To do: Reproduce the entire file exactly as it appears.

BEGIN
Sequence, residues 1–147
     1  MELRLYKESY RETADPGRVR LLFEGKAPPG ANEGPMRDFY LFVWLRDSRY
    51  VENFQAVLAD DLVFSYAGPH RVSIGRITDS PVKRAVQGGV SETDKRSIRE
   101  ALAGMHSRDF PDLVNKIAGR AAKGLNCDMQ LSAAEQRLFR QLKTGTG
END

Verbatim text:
Sequence, residues 1–147
     1  MELRLYKESY RETADPGRVR LLFEGKAPPG ANEGPMRDFY LFVWLRDSRY
    51  VENFQAVLAD DLVFSYAGPH RVSIGRITDS PVKRAVQGGV SETDKRSIRE
   101  ALAGMHSRDF PDLVNKIAGR AAKGLNCDMQ LSAAEQRLFR QLKTGTG